Thus began Badde’s quest into Christendom’s love affair with the central tenets of its faith: the Incarnation and Resurrection of Jesus Christ. The Face of God is a whirlwind voyage around the globe as Badde seeks to uncover how this relic landed in an obscure town in Manoppello—and how exactly it was made in the first place. The characters who appear in the book range from the Apostles and Mary Magdalene to Medieval popes, Dante, Padre Pio, a Trappist nun, a Jesuit Renaissance man, John Paul II, and Benedict XVI, who so moved by Christianity’s expression of the man-God that he journeyed to Manoppello on his first private pilgrimage as pope to gaze upon the haunting image on the mussel-silk cloth. That Badde himself was instrumental in prompting Benedict’s desire to visit is an understatement; the book details the wondrous tale of both providence and human inspiration.
The Face of God is Badde’s best-known English-language book, but its success is calculated less in monetary value than by Badde blowing open the vault to a forgotten devotion and its spiritual impact on those who dare to gaze upon the image: he has produced a show on it with EWTN, has inspired a comprehensive blog on the Holy Face, and has become convinced the image of the face of God is steadily returning to the main of Catholic Christianity, especially through the words of the last three popes, including Francis, whose invocation of the forthcoming Holy Year of Mercy is dedicated to “Our Lord Jesus Christ, King of the Universe—and living face of the Father’s mercy.”
How can one only write about two millennia of images without showing them? This was the great joy Paul Badde experienced and his wanting to “pass it on to others” that formed the basis for The True Icon, a handsomely formatted book of about 160 pages containing dozens of colored photographs, mostly taken by Badde himself. A picture journey across the Middle East and Europe, Badde continues his quest of searching for the images of Christ, linking the famed Shroud of Turin to the Veil of Manoppello—though such a simple description undermines the scope of the odyssey.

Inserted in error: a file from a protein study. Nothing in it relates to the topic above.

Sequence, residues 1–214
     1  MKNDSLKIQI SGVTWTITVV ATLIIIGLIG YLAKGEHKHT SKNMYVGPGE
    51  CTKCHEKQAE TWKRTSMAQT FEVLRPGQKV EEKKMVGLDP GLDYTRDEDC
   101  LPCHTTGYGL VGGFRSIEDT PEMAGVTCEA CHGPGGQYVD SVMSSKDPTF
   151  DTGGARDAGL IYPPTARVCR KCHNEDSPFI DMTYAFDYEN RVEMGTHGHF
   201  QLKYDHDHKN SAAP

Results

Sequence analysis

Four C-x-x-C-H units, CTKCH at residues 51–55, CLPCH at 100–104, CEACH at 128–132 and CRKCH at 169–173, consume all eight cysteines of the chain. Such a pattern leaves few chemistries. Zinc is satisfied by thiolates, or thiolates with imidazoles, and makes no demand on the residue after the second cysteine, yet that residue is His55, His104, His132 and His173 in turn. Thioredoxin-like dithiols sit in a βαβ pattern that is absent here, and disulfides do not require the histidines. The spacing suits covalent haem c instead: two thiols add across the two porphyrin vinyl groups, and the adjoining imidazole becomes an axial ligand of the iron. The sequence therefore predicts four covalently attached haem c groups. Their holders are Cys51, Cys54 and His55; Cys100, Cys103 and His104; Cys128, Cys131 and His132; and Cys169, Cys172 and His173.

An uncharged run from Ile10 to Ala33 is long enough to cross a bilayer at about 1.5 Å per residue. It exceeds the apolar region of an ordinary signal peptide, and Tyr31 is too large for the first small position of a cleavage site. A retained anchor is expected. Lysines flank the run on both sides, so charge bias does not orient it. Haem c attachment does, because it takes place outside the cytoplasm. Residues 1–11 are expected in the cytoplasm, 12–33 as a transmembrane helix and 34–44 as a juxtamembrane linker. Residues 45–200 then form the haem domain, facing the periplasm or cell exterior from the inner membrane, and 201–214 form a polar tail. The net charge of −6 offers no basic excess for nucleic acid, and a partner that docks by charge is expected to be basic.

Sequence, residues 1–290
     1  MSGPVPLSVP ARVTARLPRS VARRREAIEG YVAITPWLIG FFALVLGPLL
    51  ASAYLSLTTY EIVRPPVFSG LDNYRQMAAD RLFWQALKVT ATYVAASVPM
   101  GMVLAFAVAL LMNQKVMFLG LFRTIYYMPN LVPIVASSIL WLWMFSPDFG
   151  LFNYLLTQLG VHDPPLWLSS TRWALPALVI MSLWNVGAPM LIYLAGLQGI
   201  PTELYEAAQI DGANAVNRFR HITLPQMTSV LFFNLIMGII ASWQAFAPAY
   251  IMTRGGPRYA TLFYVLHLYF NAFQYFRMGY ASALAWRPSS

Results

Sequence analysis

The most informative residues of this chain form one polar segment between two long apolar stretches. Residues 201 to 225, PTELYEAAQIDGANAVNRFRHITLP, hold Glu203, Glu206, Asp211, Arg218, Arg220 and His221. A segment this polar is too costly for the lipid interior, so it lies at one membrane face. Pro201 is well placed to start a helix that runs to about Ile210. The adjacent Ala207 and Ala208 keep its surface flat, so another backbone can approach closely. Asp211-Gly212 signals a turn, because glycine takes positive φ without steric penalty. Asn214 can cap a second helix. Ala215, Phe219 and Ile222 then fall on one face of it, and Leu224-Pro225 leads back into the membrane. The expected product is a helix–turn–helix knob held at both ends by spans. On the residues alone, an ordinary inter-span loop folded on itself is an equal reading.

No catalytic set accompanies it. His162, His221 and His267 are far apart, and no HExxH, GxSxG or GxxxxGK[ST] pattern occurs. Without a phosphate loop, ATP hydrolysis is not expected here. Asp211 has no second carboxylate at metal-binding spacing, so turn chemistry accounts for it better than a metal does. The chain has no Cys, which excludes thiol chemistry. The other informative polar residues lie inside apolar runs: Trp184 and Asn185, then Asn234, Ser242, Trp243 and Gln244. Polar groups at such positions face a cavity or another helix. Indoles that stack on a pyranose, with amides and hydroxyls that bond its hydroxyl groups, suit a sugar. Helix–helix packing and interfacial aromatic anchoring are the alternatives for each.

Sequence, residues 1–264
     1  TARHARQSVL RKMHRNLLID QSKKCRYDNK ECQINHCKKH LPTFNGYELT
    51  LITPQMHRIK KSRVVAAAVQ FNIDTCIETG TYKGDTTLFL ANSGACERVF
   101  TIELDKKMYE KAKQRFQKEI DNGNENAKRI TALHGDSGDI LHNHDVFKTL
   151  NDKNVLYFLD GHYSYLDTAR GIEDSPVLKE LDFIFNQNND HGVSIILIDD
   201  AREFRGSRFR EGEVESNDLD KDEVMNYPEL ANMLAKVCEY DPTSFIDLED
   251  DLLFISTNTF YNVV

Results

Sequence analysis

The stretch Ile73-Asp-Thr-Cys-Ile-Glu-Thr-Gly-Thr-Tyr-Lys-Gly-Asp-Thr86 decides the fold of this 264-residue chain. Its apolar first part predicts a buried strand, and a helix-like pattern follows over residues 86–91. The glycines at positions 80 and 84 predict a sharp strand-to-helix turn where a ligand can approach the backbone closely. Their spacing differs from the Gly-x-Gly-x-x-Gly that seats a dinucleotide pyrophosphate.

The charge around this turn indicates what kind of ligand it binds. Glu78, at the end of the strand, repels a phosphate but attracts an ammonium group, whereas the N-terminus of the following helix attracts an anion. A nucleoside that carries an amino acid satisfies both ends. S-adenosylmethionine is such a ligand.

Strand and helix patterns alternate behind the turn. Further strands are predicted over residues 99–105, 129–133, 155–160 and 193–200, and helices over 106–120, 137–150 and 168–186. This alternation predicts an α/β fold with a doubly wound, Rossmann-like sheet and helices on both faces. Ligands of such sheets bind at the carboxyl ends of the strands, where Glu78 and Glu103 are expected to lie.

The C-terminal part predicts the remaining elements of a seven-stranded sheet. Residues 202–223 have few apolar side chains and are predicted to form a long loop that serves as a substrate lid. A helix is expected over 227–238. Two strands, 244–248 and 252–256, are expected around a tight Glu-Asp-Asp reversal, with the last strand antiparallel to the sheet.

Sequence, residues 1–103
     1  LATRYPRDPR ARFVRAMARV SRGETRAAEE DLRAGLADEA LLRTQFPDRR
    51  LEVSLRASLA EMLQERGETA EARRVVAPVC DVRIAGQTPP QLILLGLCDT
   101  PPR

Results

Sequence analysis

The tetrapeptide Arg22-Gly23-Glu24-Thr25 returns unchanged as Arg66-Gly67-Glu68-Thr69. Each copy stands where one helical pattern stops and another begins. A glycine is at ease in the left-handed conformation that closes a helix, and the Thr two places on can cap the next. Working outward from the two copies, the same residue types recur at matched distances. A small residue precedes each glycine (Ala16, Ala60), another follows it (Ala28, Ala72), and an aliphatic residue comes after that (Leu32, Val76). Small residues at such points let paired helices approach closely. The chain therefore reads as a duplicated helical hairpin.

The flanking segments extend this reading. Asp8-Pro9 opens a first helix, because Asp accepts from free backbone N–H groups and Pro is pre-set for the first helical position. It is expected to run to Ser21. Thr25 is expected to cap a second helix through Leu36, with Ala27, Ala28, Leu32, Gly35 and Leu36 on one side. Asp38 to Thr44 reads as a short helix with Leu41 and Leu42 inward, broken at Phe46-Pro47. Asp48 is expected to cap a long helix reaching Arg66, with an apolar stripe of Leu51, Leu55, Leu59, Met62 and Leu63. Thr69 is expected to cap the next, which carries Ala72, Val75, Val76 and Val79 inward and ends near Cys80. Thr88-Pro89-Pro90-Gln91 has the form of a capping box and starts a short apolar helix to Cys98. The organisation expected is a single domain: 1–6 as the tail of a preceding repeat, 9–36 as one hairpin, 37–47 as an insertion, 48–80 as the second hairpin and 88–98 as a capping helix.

A treat for readers who loved The Face of God, Badde’s focus in The True Icon on holy images in today’s digitally saturated culture of multimedia, video, audio—the ego as star—is a refreshing antidote: Christendom anticipated the return of Narcissus by employing the media of the time to honor the Incarnate God. And yet, as Badde shows, the eternal continues to transcend the visually mundane. “Due to the digital revolution we are facing an Iconic Turn in our times that is spreading the Face of God as in no time before—as the first step of His Second Coming,” Badde says.
As a frequent character in his own books, Badde appears more as an inquisitive pilgrim; The True Icon not only raises fascinating historical trivia that those interested in the Shroud of Turin and other mysterious images “not made by human hand” (acheiropoieta in Greek, a favorite in Badde’s lexicon), it is an example of Badde as apologist, evangelizer. He reminds us that churches are not art galleries, but living, active testaments to an eternal faith. Paging through The True Icon, one is reminded of Thomas Woods’s line from his How The Catholic Church Built Western Civilization: “Many of the great cathedrals that once testified to the religious convictions of a people have in their own day become like museum pieces, interesting curiosities to an unbelieving world.” Paul Badde reminds us of why these images, relics, traditions and tales exist in the first place.